It’s Michael back for the 138th time to talk about the metals…
What do we see everyday in cities walking under bridges or over railroad tracks? Sculptures and buildings where flakes just appear to be falling off? Fences, bridges, and buildings show us rust. We see that steel corrodes. Steel, with moisture and oxygen forms rust. Rust that is porous and will continue to grow and flake until ultimately consuming all the steel.
But if we add enough Chromium to steel, it has the effect of allowing only a thin layer of an oxide to form that does not allow the corrosion to continue. A “stain less” steel.
The degree of corrosion resistance depends on the amount of Chromium in the alloy and the effects of some other elements. Various compositions have been established as standard alloys.
So which alloy do we use?
Specific environment, temperature, strength required, fabricability, and ultimately… cost… are all involved in selecting which stainless steel is used in any given application.
Stainless steels are classified as Austenitic, Ferritic, Martensitic, Precipitation Hardening or Duplex based on their metallurgical structure. Let’s discuss each of those breifly.
Austenitic stainless steels……. the AISI 200 and 300 series of alloys…..are not hardenable by heat treatment. . These grades are austenitic from over 1900 deg F to minus 300 deg F. There is little or no response to a magnet under normal conditions. Cold working this material can make it slightly magnetic. Common types known generically as “18-8” ( which means there’s a nominal amount of CR at 18 % and Ni at 8% content) are 303, 304 and 316. 316 also has Molybdenum added which boosts the corrosion performance as compared to 304 in many environments. In addition, 316 has more oxidation resistance at higher temperatures. Type 303 has Sulfur added which improves the machining characteristics but sacrifices some corrosion performance. The annealed condition is the most corrosion resistant and most commonly used. All exhibit good strength and toughness in cryogenic applications.
Ferritic stainless steels ….. some of the AISI 400 series alloys……… are not hardenable by heat treatment as these grades remain ferritic over the critical temperature range. These grades respond to a magnet much like ordinary steel. AISI types 405 and 409 are relatively low in Cr and are used in auto exhaust applications where appearance is not important. Higher Cr alloys like type 430 resist corrosion at higher temperatures. They maintain better cosmetic appearance for applications like automotive or appliance trim at lower cost than the austenitic grades.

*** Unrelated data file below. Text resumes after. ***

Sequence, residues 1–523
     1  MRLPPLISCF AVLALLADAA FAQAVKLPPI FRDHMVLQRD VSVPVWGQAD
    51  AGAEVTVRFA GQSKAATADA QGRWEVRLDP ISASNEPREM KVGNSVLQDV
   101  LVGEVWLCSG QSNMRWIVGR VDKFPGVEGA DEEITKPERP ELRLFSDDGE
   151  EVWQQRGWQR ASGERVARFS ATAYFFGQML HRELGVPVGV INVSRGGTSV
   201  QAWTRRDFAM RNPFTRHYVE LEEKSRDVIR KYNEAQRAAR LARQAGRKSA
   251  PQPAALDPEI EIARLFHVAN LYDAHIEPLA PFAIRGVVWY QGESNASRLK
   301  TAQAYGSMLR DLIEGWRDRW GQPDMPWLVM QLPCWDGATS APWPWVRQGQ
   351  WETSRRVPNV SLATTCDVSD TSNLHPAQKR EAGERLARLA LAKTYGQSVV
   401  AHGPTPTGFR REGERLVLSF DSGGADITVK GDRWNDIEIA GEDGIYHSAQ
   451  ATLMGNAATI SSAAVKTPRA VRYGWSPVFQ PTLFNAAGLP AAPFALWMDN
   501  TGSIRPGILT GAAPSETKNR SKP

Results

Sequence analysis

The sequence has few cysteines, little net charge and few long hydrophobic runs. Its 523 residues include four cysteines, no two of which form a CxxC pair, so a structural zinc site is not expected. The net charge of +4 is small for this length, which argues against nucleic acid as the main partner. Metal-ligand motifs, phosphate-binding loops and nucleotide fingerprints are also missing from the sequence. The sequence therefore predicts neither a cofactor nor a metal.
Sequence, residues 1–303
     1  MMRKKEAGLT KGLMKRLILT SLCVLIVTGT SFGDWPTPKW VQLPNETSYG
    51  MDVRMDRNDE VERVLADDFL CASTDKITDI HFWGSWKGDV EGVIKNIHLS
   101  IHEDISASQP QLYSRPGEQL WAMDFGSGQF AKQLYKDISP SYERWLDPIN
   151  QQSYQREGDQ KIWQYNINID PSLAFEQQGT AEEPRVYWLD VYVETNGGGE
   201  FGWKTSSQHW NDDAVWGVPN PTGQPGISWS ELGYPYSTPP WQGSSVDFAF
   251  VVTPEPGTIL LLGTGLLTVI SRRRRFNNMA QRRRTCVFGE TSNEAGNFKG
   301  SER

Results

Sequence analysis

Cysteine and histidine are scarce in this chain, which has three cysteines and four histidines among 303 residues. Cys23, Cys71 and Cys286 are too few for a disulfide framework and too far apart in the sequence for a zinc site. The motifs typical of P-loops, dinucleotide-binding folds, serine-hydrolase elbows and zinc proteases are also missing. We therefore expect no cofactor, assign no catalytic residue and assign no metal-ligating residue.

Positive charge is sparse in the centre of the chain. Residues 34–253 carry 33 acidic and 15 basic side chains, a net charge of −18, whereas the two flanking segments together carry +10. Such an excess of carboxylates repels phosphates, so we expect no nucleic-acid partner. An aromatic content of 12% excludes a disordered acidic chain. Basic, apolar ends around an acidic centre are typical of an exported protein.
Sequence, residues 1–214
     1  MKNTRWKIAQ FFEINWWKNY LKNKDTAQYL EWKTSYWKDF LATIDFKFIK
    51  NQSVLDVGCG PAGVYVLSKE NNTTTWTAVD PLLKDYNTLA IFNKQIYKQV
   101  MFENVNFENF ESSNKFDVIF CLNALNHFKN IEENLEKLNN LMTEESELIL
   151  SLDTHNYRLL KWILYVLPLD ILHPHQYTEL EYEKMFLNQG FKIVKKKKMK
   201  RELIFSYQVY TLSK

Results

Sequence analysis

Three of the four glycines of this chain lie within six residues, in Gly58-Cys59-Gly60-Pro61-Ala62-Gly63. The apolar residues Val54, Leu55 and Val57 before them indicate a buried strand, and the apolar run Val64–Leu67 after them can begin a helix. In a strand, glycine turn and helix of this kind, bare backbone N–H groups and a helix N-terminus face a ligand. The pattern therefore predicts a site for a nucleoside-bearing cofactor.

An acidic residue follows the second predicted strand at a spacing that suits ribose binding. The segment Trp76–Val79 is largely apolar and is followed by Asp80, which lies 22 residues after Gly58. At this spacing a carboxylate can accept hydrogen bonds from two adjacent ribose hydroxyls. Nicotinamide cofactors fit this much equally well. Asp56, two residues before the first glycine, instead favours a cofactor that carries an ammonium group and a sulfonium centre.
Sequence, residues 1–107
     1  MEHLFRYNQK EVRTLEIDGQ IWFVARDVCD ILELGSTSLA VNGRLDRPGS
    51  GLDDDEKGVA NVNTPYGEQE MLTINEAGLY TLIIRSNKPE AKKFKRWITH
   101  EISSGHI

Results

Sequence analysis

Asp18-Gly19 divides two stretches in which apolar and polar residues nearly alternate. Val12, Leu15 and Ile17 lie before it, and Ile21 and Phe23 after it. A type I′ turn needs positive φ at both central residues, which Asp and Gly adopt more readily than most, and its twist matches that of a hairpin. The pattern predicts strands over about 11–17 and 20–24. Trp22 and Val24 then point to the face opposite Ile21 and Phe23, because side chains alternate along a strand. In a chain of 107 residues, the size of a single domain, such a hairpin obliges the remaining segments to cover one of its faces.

Annealed condition is most corrosion resistant.
Martensitic stainless steels…… which consists of the balance of the AISI 400 series…….. are hardenable by conventional heat treatment. Heat treatment is similar to heat treating alloy steels. They have an austenitic structure at high temperature and will transform with rapid cooling to a martensitic structure.They are typically used in a fully hardened condition for best corrosion performance in addition to having high strength and hardness. Depending on type, hardness can be from mid 30’s Rc (rockwell c) hardness for types 410 and 416 to 60 Rc for type 440c.
Heat treated hardness is dependent on Carbon content. Maximum hardness increases with carbon content. These types also respond to a magnet like the ferritic.
PH stainless steels ……. the AISI 600 series. PH stands for “Precipitation Hardening”. That means they are hardenable by heat treatment. They also typically respond to a magnet. Most common alloy is type 630 commonly known as “17-4”. Heat treatment consists of a high temperature “solution treatment” (aka annealed or solution annealed) followed by an “aging” at temperatures between 900 deg F and 1150 deg F. Strength and general corrosion performance is higher with aging at 900. Strength is reduced with higher aging temperature but toughness increases. Corrosion performance also improves for some specific environments. Strength and corrosion performance are both considerations in applications for these grades.
Duplex stainless steels…. stainless steels with a mixed structure of austenite and ferrite have characteristics of each type. Most common alloy of this type is 2205.
Don’t forget to CHECK THE SPECS !!!!! Twice – This is Michael with Michael Talks Metal. Thanks for watching. For more on stainless steels visit our website www.michlinmetals.com. Missed last weeks video, click here. Still here and haven’t subscribed? Click here. Thanks for watching. See you a week from Thursday, we’re off next week for the holiday. See you 7/14, I’m OUT!